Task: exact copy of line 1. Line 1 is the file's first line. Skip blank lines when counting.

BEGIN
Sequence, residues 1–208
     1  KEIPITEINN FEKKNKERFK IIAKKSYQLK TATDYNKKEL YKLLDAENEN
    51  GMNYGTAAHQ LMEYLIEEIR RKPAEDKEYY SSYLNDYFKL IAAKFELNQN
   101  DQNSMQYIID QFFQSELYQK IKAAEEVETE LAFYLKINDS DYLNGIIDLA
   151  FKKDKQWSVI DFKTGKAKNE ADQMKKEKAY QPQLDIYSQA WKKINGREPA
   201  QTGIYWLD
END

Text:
Sequence, residues 1–208